Blasts in India tourist city kill at least 60

A series of bombs tore through crowded markets in the Indian tourist city of Jaipur late Tuesday, killing at least 60 people in what police said was a terror attack.

One of the bombs went off near a Hindu temple, leaving blood splattered on the street and cycles and rickshaws in a mangled heap, television showed.

"Sixty people have died and 150 are injured," said Vasundhara Raje, chief minister of the desert state of Rajasthan of which Jaipur is the capital.

"We will not tolerate such activities at all," he warned.

Police said seven blasts took place within minutes of each other in Jaipur, about 260km from New Delhi.

"It's a terror attack. There was no [intelligence] report of this," police director general A.S. Gill told television stations.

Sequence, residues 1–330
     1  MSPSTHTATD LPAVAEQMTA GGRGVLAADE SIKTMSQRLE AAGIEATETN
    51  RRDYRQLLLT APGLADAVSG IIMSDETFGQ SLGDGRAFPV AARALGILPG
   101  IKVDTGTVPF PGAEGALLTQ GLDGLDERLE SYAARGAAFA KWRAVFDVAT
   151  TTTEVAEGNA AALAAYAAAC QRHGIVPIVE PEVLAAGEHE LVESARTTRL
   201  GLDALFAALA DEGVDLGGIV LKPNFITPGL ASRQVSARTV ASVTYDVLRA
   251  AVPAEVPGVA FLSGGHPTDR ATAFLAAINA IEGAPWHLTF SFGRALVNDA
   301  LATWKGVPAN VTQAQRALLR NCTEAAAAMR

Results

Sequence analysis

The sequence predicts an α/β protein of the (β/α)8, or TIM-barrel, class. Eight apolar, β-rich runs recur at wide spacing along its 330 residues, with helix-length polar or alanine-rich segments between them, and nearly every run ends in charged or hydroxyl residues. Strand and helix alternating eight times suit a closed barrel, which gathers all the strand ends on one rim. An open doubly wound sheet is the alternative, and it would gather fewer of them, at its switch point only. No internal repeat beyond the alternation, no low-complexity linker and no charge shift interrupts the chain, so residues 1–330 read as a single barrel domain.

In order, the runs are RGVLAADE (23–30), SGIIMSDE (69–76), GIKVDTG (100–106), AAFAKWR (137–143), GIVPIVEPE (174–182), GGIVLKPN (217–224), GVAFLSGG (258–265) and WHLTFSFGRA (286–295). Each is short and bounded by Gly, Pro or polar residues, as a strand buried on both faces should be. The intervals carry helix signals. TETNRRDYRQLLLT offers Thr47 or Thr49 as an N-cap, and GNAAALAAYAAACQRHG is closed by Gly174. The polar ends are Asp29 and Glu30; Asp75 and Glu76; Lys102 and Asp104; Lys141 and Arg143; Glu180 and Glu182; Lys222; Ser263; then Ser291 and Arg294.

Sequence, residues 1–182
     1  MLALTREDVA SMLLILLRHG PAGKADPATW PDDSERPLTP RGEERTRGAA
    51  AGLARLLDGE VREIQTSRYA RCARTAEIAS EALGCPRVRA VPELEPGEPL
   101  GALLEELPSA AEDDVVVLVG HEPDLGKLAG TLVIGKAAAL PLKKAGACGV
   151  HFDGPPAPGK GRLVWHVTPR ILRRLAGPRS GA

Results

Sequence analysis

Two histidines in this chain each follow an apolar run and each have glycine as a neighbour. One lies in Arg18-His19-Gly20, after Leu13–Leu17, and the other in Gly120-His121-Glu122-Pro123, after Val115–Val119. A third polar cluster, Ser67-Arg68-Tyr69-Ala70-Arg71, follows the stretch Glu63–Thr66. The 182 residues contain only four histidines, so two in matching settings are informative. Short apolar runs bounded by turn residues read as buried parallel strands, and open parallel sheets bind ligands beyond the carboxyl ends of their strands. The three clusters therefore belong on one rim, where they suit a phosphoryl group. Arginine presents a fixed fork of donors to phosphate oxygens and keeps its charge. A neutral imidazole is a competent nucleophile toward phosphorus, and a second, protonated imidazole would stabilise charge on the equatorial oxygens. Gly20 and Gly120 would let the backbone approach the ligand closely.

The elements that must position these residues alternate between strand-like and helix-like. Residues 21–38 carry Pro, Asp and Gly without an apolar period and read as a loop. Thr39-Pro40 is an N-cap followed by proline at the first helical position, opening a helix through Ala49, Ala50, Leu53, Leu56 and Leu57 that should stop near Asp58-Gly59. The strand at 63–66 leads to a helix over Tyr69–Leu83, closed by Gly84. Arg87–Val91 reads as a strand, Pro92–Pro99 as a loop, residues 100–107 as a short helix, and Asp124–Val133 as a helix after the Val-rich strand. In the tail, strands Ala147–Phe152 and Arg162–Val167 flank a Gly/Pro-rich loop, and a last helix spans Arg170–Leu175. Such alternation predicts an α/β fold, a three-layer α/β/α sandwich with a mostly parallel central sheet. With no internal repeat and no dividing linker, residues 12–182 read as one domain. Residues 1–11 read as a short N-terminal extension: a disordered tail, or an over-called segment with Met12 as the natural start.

Prime Minister Manmohan Singh condemned the blasts and appealed for calm.

Historic Jaipur, which has a population of more than two million, is one of India's top tourist resorts and a favourite attraction for foreigners.

State borders were sealed and a high alert sounded in Rajasthan state and neighbouring areas, police said.

They said there were no immediate reports of any backlash and also appealed for calm.

"There is peace in the town. Nobody should worry," Arvind Jain, a senior police official, told NDTV television.

Jaipur is popularly known as the 'pink city' because of the ochre-pink hue of its old buildings and crenellated city walls.

India has been plagued by bombings across the country in recent years and routinely points the finger at foreign-based Islamic militant groups fighting its rule in the Himalayan state of Kashmir.

Within just the last year they have included bombings in the southern city of Hyderabad which killed 43 people, at a cinema in Punjab state in northern India which left six dead, and a series of explosions outside courts in three northern cities that killed 13.